Commercial Litigation and Arbitration

Sanctions — Appellate Review of Joint-and-Several Liability Determination — Sixth Circuit Ambiguity on § 1927 Standards

From Garner v Cuyahoga County Juvenile Court, 2009 U.S. App. LEXIS 1289 (6th Cir. Jan. 22, 2009):

[De Novo Review of Joint and Several Liability Determination.] A district courtt's determination that plaintiffs are liable to pay attorney fees for bringing frivolous lawsuits, and the court's calculation of the total amount owed, are actions that are reviewed on appeal under the abuse-of-discretion standard…. But the question of whether a district court has appropriately apportioned fees among multiple parties arguably raises a legal issue to be reviewed de novo. See Turner v. D.C. Bd. of Elections and Ethics, 359 U.S. App. D.C. 332, 354 F.3d 890, 896 (D.C. Cir. 2004) (deciding the criteria for the apportionment of attorneys fees as a legal issue); Matter of Petroleum Servs., Inc., 3 F.3d 889, 896 (5th Cir. 1993) ("The question whether the harm . . . is capable of apportionment among two or more causes is a question of law.") (citation omitted). We need not settle the question in this case, however, because we would reach the same conclusion regarding apportionment under either the abuse-of-discretion or de novo standard of review.


[Sixth Circuit §§ 1927 Standards.] There is tension within this court's jurisprudence as to the proper standard to apply in determining whether sanctions are warranted under § 1927. The district court relied upon the following standard set forth in Wilson-Simmons v. Lake County Sheriff's Department, 207 F.3d 818 (6th Cir. 2000):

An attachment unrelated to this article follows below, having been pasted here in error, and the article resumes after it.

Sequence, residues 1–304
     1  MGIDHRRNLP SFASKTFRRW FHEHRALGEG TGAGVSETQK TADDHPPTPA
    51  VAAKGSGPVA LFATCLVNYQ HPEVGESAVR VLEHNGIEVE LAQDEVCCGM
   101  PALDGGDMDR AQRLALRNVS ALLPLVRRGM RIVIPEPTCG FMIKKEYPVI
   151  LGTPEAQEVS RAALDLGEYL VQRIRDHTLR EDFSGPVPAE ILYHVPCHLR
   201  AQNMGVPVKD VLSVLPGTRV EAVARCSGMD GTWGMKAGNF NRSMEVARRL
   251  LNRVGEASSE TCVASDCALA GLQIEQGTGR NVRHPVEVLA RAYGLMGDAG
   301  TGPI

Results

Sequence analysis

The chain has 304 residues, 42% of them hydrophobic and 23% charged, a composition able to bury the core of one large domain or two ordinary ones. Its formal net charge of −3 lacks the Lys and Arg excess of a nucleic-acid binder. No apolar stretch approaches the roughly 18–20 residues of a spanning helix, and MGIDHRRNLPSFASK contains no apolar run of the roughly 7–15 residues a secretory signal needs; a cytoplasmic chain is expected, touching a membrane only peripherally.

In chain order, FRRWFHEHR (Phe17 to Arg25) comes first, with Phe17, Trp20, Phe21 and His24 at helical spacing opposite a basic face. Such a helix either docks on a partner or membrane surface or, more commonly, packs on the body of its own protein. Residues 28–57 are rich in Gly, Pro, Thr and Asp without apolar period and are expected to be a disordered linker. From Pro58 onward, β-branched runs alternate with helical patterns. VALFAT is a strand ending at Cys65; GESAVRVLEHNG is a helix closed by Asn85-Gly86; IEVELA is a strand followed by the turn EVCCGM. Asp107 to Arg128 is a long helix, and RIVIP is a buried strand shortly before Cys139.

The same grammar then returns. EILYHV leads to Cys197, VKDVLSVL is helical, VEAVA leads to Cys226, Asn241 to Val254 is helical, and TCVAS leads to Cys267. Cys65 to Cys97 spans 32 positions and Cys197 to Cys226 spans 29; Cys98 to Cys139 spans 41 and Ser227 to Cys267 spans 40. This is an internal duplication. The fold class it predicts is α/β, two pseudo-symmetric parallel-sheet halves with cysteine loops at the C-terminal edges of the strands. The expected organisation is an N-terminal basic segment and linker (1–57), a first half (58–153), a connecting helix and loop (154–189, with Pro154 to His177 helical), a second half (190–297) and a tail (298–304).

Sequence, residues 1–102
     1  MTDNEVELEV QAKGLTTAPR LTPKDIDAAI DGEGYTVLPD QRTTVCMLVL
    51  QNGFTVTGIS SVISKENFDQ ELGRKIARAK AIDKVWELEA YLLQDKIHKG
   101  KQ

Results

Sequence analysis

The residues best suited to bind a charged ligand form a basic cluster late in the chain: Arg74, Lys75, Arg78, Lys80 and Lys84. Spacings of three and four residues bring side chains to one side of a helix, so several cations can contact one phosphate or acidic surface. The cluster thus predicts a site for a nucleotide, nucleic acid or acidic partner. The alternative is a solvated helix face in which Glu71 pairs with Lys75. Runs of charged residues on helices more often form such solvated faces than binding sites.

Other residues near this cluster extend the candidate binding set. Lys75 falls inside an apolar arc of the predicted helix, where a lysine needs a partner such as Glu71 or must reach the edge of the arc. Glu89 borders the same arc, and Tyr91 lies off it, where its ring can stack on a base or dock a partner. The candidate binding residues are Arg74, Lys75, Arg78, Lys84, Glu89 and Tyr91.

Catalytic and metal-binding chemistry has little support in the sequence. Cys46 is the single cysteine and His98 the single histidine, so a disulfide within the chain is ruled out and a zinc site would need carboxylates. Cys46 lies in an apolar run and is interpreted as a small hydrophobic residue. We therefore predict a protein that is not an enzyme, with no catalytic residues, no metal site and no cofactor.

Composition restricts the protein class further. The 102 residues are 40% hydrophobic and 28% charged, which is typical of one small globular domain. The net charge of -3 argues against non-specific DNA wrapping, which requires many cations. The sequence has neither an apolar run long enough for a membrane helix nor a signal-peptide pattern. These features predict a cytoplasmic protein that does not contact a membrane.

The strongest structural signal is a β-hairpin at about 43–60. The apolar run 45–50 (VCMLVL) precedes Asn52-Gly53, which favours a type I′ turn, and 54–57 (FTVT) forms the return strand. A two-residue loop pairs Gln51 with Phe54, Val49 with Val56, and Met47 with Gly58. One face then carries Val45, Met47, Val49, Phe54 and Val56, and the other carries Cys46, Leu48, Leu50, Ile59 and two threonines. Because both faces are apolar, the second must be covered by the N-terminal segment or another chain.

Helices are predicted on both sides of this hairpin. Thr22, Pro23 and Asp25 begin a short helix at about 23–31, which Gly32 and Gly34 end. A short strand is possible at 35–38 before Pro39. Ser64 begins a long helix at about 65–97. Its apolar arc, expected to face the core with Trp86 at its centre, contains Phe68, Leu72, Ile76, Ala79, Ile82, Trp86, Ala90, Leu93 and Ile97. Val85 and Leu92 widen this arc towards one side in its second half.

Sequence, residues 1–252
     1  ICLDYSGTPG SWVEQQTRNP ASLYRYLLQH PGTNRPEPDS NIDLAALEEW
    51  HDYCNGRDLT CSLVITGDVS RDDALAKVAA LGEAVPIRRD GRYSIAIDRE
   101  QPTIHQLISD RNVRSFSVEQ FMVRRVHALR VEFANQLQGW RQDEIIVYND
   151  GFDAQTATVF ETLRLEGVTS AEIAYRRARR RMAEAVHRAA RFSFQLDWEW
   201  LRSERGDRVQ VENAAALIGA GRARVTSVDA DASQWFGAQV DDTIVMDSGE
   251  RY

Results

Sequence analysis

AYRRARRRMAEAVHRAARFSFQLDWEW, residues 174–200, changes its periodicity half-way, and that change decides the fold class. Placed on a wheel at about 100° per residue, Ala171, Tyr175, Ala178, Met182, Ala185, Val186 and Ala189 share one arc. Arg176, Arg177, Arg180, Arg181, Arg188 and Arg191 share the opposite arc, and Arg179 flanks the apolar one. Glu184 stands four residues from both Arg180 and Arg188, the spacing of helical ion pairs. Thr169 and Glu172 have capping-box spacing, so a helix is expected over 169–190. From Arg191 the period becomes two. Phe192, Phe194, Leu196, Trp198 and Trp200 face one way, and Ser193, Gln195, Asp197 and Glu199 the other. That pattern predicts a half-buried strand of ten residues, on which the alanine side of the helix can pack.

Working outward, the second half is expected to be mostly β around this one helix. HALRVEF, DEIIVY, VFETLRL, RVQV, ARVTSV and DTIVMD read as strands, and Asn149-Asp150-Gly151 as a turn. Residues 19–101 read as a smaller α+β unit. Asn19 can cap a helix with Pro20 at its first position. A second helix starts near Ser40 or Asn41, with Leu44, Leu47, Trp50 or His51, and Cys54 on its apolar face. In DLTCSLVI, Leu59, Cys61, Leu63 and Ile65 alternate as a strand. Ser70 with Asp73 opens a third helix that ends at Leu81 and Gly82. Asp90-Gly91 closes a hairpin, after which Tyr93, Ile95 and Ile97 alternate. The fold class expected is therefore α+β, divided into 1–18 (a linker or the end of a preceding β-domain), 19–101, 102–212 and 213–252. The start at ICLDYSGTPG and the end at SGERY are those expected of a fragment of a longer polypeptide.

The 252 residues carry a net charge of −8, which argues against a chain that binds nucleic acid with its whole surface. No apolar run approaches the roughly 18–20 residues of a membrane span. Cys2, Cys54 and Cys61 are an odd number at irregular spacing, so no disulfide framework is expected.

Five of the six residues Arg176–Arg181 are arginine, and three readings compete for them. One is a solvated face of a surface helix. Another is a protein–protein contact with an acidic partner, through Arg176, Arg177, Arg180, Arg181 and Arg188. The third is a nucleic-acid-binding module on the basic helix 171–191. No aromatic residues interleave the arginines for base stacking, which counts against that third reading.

Sanctions under § 1927 are warranted when an attorney has engaged in some sort of conduct that, from an objective standpoint, falls short of the obligations owed by a member of the bar to the court and which, as a result, causes additional expense to the opposing party. . . . [W]hen an attorney knows or reasonably should know that a claim pursued is frivolous, or that his or her litigation tactics will needlessly obstruct the litigation of nonfrivolous claims, a trial court does not err by assessing fees attributable to such actions against the attorney. Bad faith is not required to support a sanction under § 1927.

Id. at 824 (citations and internal quotation marks omitted).

A more recent case, however, states that sanctions are appropriate under § 1927 only where the attorney "intentionally abuses the judicial process or knowingly disregards the risk that his actions will needlessly multiply proceedings." Red Carpet Studios, 465 F.3d at 646. [ Red Carpet Studios, Div. of Source Advantage, Ltd. v. Slater, 465 F.3d 642, 646 (6th Cir. 2006).] This language suggests a higher standard than the one described above in Wilson-Simmons. But we need not reconcile this apparently conflicting language because the district court found that Attorney Frost "intentionally pursued meritless claims," a finding that would satisfy either standard.

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